I was avoiding starting the final book in my February Challenge all month, mostly due to length, so I fit in a quick read of The Lightning Thief. This is the first book in the Percy Jackson and the Olympians series and I’ve been wanting to read this for ages because everyone seems obsessed with everything Rick Riordan writes! This was another book that was just a lot of fun. The writing was hilarious and there was so much action packed into this middle grade book! Percy was witty and I loved his sidekicks, Annabeth and Grover. I would like to read more of these, but I suspect it may take my a while to get to them, but they’re definitely good if you’re looking for a laugh.

The final book in my Monthly Challenge was The Colony of Unrequited Dreams by Wayne Johnston. I admit, I did not want to read this one, but like I said, I’m glad I pushed myself to finish it. I had a lot to say about this one that I don’t want to get into again, so I’ll just say that it’s historical fiction about Newfoundland’s first premier, Joey Smallwood, who helped usher Newfoundland into confederation with Canada. Check out my full length review for more details. This book was meaningful to me as a Newfoundlander and I’m really proud that I finally read it. I gave it 4 stars.

And the last read I squeezed into February was The Power. I’ve been wanting to read this one since it came out at the end of last year since it’s been called the new ‘Handmaid’s Tale’ (along with Red Clocks). It’s dystopian science fiction where women develop the ability to produce electricity and use it through their hands. The book has such a great premise, but I was really disappointed with the author’s follow-through on the premise; I thought the book lacked focus and was poorly executed. It still make me think a lot though, so I gave it another 3.5 stars.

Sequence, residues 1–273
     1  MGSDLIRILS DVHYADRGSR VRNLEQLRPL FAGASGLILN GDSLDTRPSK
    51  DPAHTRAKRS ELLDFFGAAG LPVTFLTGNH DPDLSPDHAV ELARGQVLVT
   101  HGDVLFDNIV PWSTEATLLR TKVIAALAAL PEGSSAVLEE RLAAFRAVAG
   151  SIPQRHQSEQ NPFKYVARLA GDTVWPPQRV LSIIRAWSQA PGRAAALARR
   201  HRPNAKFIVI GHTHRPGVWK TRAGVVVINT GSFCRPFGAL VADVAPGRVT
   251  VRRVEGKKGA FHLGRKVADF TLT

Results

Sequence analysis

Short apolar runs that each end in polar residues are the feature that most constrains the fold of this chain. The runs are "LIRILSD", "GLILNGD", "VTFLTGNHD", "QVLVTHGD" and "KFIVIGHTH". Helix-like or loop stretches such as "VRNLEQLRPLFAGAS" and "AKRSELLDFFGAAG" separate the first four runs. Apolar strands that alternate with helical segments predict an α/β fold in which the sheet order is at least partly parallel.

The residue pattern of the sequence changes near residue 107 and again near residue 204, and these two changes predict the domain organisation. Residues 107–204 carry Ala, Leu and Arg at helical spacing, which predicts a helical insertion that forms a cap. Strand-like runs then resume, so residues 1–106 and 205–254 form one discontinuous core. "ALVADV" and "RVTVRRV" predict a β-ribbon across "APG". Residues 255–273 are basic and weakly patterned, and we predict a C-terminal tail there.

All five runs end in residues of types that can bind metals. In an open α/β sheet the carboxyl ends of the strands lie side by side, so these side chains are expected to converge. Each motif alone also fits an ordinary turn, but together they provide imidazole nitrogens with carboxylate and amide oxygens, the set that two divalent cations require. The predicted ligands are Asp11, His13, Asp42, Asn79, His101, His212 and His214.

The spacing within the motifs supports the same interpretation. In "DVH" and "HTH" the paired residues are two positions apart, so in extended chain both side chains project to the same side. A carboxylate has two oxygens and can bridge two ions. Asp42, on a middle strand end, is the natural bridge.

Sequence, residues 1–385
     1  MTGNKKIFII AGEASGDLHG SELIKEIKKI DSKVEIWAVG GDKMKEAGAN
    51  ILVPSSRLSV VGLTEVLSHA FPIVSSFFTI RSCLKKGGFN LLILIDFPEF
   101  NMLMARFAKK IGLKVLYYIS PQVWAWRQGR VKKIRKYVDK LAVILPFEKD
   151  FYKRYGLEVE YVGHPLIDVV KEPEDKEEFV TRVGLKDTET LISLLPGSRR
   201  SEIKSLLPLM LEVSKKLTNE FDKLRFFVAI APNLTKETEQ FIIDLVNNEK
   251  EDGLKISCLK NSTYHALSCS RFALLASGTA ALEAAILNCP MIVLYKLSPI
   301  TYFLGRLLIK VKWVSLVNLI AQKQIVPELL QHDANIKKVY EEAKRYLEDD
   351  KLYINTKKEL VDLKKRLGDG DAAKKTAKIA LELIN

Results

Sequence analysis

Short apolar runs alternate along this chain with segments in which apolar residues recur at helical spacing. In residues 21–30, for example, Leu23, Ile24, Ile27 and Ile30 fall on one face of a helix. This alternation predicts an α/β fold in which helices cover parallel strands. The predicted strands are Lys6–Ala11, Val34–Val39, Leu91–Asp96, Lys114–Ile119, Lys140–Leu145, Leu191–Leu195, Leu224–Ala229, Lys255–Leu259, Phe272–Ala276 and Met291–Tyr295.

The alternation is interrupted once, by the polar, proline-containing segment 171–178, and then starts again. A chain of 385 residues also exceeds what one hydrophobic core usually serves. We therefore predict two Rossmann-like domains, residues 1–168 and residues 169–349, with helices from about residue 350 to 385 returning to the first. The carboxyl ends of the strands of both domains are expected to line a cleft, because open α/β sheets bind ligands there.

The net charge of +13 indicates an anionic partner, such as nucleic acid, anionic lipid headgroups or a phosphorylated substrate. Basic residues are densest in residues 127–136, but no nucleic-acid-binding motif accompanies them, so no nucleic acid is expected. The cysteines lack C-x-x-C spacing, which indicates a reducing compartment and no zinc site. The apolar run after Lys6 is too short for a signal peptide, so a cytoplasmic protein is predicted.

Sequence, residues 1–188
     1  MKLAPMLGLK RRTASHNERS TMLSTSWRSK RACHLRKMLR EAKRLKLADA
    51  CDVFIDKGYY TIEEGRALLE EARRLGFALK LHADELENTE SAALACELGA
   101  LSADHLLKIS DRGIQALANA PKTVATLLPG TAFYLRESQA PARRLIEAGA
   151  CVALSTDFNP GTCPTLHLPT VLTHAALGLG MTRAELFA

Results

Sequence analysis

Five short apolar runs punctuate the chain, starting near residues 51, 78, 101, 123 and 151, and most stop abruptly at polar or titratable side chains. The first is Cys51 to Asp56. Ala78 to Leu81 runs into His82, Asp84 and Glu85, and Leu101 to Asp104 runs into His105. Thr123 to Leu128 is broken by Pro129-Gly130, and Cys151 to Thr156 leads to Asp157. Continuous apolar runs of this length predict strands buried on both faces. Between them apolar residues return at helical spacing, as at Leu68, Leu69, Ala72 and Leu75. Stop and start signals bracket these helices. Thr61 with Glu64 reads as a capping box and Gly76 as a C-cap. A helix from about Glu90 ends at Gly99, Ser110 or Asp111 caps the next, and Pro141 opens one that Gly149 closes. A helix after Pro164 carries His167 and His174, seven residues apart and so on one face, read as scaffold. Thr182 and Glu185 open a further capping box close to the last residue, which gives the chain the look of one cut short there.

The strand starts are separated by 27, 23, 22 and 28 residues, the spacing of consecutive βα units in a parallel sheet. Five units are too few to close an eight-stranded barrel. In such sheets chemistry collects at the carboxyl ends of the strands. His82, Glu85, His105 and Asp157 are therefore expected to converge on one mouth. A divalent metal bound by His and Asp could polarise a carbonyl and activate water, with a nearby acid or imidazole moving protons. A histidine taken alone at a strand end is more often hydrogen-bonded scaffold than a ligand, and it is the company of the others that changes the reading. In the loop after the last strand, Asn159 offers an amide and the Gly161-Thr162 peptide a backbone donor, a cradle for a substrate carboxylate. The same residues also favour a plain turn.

The Colony of Unrequited Dreams

 

 

 

 

 

Rating: 
Author: Wayne Johnston
Genres: Historical Fiction
Read: Feb. 2018

Where to start? This was a very long book that took a lot of motivation to pick up off my shelf, but that I ended up having a lot of opinions about. I was worried that it was going to be really dense, but fortunately, it turned out to be a very well written and engaging book about Newfoundland.

The Colony of Unrequited Dreams is historical fiction about Joey Smallwood, Newfoundland’s first premier who helped to usher Newfoundland into confederation with Canada. He is both a well liked and disliked premier, depending on who you talk to. Johnston definitely takes a lot of liberties with Smallwood’s character in this novel, but the story is still pretty accurately based on his life in terms of what he accomplished.

The story starts with Smallwood as a child in the early 1900’s. His family were shoe salesmen in St. John’s and he lived up on the Brow looking over the Harbour until his uncle decided to pay to send him to Bishop Feild, the prestigious boy’s boarding school of the day. At Bishop Feild, he meets Prowse, grandson of a noted historian, and Fielding, a girl who attends the nearby sister school, Bishop Spencer.

Fielding is the other main character in this story and unlike Smallwood, her character is completely fabricated. Fielding has a cane, walks with a limp, has a wry sense of humour, with sarcasm and irony being her preferred mediums. She’s a bit of an outcast who goes on to work as a reporter for The Telegram, publishing critical articles about all branches and parties of the government. Fielding marches to the beat of her own drum and I really liked her. I loved that she wasn’t afraid to speak her mind and I loved her sense of humour.

This book actually had a lot more humour in it than I was expecting and it had me laughing out loud early in the novel. Below is one of my favourite quotes from the book, which is an argument Smallwood has with his mother, and had me laughing because I also grew up in St. John’s while my parents grew up in rural outport communities. This is pretty much the exact same thing my parents would say to me growing up and the biggest way you could offend my parents would be to call them townies.